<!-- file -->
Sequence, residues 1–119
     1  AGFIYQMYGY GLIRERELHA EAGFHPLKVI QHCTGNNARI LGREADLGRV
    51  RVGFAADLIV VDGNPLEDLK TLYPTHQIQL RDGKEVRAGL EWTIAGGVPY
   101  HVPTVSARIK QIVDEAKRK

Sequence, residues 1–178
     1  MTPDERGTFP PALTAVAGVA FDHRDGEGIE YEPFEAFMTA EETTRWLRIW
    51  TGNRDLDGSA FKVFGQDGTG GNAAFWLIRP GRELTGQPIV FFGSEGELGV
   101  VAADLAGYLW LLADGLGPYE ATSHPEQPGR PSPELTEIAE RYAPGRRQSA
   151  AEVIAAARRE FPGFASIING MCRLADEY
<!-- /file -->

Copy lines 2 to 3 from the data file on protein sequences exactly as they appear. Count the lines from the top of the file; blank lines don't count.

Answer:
     1  AGFIYQMYGY GLIRERELHA EAGFHPLKVI QHCTGNNARI LGREADLGRV
    51  RVGFAADLIV VDGNPLEDLK TLYPTHQIQL RDGKEVRAGL EWTIAGGVPY